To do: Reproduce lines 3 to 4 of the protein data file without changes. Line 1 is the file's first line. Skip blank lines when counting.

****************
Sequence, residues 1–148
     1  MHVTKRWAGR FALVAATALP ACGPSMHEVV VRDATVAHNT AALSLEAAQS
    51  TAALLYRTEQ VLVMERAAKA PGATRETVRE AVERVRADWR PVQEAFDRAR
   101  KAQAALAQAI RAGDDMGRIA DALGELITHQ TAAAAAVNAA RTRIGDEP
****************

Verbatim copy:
    51  TAALLYRTEQ VLVMERAAKA PGATRETVRE AVERVRADWR PVQEAFDRAR
   101  KAQAALAQAI RAGDDMGRIA DALGELITHQ TAAAAAVNAA RTRIGDEP